Osteoarthritis Group

Dr Mohammed Sharif
Telephone: +44(0)117 41 47926
email: mo.sharif@bristol.ac.uk

Main research topics

Osteoarthritis (OA) is the most common joint disease affecting over 100 million people in the European Union countries. The disease frequently affects the hip, knee, spine and finger joints. It is characterised by abnormal changes within major joint tissues such as cartilage and bone (Figure 1a & b). At early stages of OA there is focal loss of cartilage (Figure 1a) which becomes more widespread as the disease progresses resulting is cartilage loss from whole of the joint surface. This is seen in plain x-ray as joint space narrowing (Figure 1b) and used to confirm the diagnosis of OA. OA is a major cause of pain and disability in older people for which currently there is neither a cure nor an effective treatment to stop the disease worsening.  The only available treatments are pain relief and joint replacement surgery. Our research has identified new means for diagnosing and monitoring the progression of joint destruction in OA that could ultimately lead to new treatment methods for this very common joint disease.

Our research has been funded by the NHS Executive R&D Directorate, Arthritis Research Campaign and a number of collaborative pharmaceutical companies over the last ten years.  During this period we have used varieties of joint-specific molecules called ‘biomarkers’ of joint disease to investigate what causes and drives the joint destruction in OA.  Our long-term studies of patients with early and established OA have led to identification of several serum and urinary biomarkers which may have potential diagnostic value and can be used to monitor progression of knee OA (see Poster 1).  We are also studying genetic markers that might be more specific for diagnosis of OA.  The results of these studies bring the goal of developing simple 'blood tests' for OA one step closer and offer the possibility of early diagnosis and more effective management of patients with OA. Such blood tests for OA will also help to screen normal population and therefore help the NHS to better plan their expenditure in this area and target treatments more effectively.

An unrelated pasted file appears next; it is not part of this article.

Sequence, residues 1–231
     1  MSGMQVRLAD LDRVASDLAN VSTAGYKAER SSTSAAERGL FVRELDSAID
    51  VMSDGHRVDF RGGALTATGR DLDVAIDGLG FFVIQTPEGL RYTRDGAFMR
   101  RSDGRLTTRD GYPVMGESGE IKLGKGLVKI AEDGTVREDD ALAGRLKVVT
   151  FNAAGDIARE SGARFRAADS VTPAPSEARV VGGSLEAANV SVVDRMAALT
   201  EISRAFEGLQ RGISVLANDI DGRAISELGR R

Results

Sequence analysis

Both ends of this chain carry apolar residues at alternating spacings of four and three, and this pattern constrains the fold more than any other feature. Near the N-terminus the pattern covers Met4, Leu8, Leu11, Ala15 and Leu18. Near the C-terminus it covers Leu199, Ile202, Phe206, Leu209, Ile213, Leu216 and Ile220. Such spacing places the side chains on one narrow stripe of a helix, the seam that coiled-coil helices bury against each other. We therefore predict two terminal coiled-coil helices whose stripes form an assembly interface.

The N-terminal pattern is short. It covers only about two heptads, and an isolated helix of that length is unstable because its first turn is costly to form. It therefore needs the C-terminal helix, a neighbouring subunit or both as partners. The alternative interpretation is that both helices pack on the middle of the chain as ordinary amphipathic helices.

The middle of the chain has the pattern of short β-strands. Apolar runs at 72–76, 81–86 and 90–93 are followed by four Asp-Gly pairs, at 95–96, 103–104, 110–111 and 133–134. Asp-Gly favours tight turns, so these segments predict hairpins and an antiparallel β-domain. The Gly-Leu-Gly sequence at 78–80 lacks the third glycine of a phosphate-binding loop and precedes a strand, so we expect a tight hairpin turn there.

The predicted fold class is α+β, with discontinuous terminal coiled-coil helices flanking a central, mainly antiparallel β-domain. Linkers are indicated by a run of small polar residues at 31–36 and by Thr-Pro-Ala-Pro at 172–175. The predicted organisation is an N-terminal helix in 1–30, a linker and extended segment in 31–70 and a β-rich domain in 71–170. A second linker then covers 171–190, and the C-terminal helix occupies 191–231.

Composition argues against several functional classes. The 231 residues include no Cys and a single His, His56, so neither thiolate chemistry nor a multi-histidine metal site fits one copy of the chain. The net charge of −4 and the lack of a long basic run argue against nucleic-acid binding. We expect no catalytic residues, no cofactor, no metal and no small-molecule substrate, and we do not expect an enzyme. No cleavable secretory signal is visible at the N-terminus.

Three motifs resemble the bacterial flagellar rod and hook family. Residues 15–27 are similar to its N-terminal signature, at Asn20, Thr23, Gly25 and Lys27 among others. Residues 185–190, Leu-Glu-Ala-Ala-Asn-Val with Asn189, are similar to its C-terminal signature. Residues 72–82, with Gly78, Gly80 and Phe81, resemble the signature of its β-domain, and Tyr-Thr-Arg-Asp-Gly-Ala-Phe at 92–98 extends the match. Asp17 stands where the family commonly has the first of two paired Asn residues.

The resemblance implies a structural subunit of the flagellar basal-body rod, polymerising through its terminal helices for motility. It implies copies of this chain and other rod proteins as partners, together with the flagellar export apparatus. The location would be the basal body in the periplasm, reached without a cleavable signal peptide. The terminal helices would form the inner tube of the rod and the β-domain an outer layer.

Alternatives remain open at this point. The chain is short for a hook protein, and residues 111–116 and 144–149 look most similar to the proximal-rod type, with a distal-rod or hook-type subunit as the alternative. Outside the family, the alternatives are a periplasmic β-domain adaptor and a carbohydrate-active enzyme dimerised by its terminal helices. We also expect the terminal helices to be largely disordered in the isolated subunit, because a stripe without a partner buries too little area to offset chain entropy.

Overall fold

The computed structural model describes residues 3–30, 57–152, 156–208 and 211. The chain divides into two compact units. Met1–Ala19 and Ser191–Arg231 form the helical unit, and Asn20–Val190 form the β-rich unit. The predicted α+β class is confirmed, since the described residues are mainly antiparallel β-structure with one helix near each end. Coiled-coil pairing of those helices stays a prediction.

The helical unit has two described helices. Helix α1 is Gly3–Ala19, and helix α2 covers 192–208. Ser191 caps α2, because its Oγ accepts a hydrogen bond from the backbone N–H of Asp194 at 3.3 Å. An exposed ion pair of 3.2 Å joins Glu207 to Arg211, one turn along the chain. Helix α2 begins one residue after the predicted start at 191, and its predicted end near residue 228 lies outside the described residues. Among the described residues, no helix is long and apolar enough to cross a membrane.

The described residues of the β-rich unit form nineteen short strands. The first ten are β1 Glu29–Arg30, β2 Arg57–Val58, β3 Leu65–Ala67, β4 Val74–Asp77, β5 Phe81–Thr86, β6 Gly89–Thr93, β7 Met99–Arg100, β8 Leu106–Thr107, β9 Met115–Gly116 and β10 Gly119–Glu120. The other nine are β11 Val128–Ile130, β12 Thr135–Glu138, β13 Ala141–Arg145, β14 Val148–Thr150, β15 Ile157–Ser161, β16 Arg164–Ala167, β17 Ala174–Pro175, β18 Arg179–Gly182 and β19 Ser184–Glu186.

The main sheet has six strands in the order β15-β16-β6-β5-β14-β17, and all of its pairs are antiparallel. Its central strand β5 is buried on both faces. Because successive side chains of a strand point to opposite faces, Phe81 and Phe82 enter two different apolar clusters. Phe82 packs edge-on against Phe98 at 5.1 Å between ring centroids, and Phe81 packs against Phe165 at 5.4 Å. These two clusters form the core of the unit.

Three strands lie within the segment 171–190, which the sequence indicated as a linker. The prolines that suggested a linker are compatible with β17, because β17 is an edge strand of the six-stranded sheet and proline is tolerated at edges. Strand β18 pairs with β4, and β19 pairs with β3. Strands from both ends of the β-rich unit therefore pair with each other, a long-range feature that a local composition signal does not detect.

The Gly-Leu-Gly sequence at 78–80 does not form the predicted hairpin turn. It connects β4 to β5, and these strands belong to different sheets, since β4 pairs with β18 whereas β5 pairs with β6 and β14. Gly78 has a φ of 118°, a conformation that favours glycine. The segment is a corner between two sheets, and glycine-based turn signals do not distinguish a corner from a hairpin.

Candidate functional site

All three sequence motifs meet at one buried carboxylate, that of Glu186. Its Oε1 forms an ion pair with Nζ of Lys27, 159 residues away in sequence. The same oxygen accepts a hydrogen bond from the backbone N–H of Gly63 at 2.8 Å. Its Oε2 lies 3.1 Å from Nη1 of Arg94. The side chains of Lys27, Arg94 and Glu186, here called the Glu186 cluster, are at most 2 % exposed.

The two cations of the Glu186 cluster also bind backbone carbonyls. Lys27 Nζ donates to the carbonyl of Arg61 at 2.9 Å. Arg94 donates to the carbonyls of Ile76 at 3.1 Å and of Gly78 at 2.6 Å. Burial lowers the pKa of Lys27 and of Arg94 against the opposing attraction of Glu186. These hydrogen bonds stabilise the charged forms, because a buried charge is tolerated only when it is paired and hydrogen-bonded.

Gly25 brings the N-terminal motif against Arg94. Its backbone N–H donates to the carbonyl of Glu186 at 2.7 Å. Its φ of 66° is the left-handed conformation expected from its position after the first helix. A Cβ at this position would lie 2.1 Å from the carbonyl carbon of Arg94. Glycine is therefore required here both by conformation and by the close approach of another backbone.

One of our major contributions to the field is the demonstration that progression of knee OA depends on phases of disease activity that affect cartilage, bone and synovium and involve a varying balance of tissue degradation and repair (see Poster 2). This observation led us to suggest that patients will benefit more when treatment is targeted to specific a tissue or given during the active phase of the disease. Early results of clinical trials indicate that patients show better response to treatment when non-steroidal anti-inflammatory drug (widely used to treat OA) is given during clinical and biochemical evidence of inflammation.